For a number of more subtle cases, local exploration will be necessary.
A probe that has landed can sample the sounds within and around structures. If the sounds show complex structure with a high information content, and they are associated with a single, or few species, then the likelihood is that this biological species is intelligent. In addition to other evidence of this species controlling machines, then the civilization is likely biological.
If video transmissions are detected and can be decoded, then the presence of a dominant species and depictions of biological activities such as feeding and sex will indicate that this is a biological civilization rather than a machine one. A wide sampling of video will be required to prevent an unfortunate limited sampling of only nature videos.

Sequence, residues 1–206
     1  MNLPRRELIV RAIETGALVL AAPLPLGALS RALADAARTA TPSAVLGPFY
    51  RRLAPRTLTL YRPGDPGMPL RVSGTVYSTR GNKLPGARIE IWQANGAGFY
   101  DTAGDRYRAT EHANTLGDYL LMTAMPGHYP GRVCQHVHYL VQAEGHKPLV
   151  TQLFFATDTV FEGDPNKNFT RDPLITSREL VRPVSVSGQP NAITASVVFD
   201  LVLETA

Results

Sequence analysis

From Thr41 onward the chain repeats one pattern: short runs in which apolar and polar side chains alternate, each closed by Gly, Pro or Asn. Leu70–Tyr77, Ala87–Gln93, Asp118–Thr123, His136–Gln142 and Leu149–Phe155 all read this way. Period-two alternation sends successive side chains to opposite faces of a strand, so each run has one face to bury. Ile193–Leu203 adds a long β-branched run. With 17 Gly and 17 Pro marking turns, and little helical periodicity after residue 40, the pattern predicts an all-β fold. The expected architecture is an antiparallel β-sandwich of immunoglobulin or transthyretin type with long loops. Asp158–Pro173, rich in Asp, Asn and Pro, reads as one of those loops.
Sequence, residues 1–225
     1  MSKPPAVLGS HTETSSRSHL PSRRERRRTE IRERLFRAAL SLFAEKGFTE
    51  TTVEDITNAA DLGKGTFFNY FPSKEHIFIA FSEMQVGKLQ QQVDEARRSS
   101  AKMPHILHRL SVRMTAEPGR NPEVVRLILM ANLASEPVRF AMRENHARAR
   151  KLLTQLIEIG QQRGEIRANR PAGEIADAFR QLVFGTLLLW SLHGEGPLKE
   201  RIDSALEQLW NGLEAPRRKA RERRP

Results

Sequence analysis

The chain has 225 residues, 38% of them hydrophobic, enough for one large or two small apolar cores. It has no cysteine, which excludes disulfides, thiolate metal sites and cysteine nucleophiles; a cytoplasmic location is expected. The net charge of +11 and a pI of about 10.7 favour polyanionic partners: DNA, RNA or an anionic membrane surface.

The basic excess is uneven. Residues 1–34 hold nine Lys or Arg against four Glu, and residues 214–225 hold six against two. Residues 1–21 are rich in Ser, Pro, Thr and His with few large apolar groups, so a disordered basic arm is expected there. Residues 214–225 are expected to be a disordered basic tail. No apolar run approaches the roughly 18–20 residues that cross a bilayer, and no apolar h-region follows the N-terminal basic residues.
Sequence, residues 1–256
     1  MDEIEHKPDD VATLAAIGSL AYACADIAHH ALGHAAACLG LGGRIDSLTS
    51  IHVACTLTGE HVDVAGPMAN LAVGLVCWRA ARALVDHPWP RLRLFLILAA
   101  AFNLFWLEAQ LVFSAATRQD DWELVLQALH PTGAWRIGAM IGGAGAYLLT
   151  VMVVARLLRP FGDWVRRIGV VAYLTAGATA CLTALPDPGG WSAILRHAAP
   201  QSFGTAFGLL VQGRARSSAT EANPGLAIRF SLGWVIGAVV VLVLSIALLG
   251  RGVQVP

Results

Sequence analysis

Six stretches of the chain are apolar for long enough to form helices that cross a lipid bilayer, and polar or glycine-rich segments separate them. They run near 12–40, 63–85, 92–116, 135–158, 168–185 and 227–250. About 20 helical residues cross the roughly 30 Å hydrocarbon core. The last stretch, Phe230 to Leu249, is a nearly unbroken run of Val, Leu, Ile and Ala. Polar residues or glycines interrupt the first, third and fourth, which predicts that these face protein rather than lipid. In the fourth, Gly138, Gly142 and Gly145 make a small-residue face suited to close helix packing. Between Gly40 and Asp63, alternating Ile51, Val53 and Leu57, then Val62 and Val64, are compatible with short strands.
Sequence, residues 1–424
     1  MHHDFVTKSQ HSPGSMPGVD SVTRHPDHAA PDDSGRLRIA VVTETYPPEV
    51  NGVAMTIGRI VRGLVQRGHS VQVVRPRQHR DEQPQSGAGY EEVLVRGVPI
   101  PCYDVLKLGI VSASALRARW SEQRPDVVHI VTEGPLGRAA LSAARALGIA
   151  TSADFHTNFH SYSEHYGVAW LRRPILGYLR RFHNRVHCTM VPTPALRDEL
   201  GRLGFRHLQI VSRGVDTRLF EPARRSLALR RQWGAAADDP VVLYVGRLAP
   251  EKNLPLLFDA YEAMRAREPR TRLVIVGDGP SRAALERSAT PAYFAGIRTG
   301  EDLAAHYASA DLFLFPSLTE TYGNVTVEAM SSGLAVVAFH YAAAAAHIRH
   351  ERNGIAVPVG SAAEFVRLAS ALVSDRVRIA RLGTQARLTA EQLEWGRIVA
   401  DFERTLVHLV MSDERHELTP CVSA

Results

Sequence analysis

Transmissions that appear to be made by machines would be ambiguous. They could be due to machines in a machine civilization communicating, or machines in a biological civilization communicating. Currently most communication and information creation on Earth is by computers, although video transmissions still dominate bandwidth. How long this will last is unknown. Computing machines are certainly increasingly consuming more of the available electrical energy produced. It is possible that at some point in the future they may become the dominant consumers of electrical power, making the determination of whether Earth is a biological or machine civilization more ambiguous.